Facing disruption from fintech providers, traditional banks must embrace APIs and the open-source model to avoid losing their place at the center of consumers’ financial lives, a new report warns. Capgemini’s 2017 World Retail Banking Report polled thousands of retail banking customers around the world to gauge how the rise of fintech-based financial services has changed the game when it comes to banking.
Among the study’s key findings was that the new breed of players already are making their presence felt, with nearly one-third of banking customers polled reporting they use at least one nontraditional provider for some services. What’s more, 52 percent of customers reported having relationships with more than three such providers. Emerging players have been able to carve out this market share quickly by identifying specific areas in which to “wow” consumers by providing relevant, attractive and easy to use services, the report noted. And, because they’re not bogged down by the legacy systems of established firms, fintech providers can quickly build and deploy such solutions, said Capgemini.
With such services often coming through the mobile channel, it’s little surprise that fintechs have been embraced with particular enthusiasm by younger and more tech-savvy consumers, with 42 percent of that demographic reporting having a relationship with nontraditional providers, the study found. In emerging economies like China and India, more than half of such consumers used at least one nontraditional provider.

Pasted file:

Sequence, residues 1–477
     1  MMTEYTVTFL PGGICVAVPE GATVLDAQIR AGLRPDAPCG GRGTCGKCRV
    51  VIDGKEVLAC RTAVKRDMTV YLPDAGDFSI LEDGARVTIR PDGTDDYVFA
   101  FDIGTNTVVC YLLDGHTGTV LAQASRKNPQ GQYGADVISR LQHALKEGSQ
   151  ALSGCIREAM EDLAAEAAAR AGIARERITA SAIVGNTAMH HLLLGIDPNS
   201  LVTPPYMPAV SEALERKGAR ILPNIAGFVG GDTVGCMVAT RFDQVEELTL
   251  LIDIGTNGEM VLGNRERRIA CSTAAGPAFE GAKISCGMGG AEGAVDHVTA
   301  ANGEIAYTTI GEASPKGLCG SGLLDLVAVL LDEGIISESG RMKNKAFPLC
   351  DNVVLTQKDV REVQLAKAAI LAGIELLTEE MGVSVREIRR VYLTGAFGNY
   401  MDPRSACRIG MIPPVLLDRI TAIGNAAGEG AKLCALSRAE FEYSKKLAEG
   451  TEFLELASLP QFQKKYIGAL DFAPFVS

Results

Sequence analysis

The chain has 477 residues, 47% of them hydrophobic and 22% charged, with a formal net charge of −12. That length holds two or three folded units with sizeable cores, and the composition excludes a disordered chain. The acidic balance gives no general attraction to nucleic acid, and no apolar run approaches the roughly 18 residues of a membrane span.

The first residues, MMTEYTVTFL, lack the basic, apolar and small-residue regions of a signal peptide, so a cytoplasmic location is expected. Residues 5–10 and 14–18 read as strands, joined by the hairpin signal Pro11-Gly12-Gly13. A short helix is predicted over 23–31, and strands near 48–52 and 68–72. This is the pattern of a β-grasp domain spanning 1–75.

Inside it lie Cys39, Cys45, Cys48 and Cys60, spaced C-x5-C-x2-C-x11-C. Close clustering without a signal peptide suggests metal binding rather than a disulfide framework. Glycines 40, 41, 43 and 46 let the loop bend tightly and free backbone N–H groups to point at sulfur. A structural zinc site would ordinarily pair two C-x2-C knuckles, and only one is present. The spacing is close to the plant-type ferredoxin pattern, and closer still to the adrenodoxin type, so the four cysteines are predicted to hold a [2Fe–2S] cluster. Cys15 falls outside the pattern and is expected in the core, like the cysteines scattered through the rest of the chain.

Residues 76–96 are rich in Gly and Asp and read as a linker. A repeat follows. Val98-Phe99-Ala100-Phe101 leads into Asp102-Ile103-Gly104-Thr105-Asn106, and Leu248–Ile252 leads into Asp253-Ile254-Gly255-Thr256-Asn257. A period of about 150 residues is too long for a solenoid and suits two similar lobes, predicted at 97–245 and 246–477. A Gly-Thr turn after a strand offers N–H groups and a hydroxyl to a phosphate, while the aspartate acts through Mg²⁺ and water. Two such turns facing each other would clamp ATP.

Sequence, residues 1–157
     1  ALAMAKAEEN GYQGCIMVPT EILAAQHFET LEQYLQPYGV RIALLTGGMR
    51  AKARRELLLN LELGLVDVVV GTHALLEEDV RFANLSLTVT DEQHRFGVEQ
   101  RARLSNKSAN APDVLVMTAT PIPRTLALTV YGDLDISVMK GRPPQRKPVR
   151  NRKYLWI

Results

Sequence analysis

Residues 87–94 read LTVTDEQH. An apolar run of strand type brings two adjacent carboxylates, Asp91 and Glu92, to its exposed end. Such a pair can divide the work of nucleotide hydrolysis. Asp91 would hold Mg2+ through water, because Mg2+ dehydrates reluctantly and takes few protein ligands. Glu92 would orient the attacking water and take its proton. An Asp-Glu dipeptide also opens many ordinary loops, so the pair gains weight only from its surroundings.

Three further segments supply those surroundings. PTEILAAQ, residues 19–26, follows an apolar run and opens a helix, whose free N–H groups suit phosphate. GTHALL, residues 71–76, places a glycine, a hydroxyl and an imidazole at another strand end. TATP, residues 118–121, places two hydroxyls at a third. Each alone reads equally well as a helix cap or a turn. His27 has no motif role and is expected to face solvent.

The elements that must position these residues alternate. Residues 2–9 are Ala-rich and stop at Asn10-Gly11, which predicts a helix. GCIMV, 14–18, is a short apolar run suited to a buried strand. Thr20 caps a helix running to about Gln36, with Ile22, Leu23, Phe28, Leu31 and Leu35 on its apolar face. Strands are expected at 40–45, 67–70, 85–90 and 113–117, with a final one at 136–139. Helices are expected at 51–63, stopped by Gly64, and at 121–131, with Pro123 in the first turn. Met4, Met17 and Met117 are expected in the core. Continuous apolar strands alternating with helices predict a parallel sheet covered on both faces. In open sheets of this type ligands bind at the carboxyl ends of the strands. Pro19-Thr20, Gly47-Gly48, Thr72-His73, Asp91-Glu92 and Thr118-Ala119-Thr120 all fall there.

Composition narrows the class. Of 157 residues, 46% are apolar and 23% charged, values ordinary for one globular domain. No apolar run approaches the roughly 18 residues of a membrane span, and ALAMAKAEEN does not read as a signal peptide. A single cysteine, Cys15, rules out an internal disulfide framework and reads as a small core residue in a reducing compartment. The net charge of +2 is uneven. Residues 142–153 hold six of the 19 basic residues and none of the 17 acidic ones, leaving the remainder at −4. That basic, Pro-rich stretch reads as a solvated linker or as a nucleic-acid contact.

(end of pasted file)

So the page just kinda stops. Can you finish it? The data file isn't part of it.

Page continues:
To deal with the threat, banks need to rely on a few key built-in advantages, including large customer bases, access to resources and high levels of consumer trust, the report advised. But those assets must be combined with a willingness to embrace the agile, open-source nature of the fintech model for banks to avoid falling behind. That may mean partnering with fintech providers to combine the respective strengths of each party to create the best possible customer experience. Banks and fintechs seem to have heard that message loud and clear, with 91 percent of banks and 75 percent of fintechs saying they expect to partner with each other, the survey found. That collaboration will rely heavily on APIs, which help bypass issued of technical and systems compatibility, Capgemini noted.
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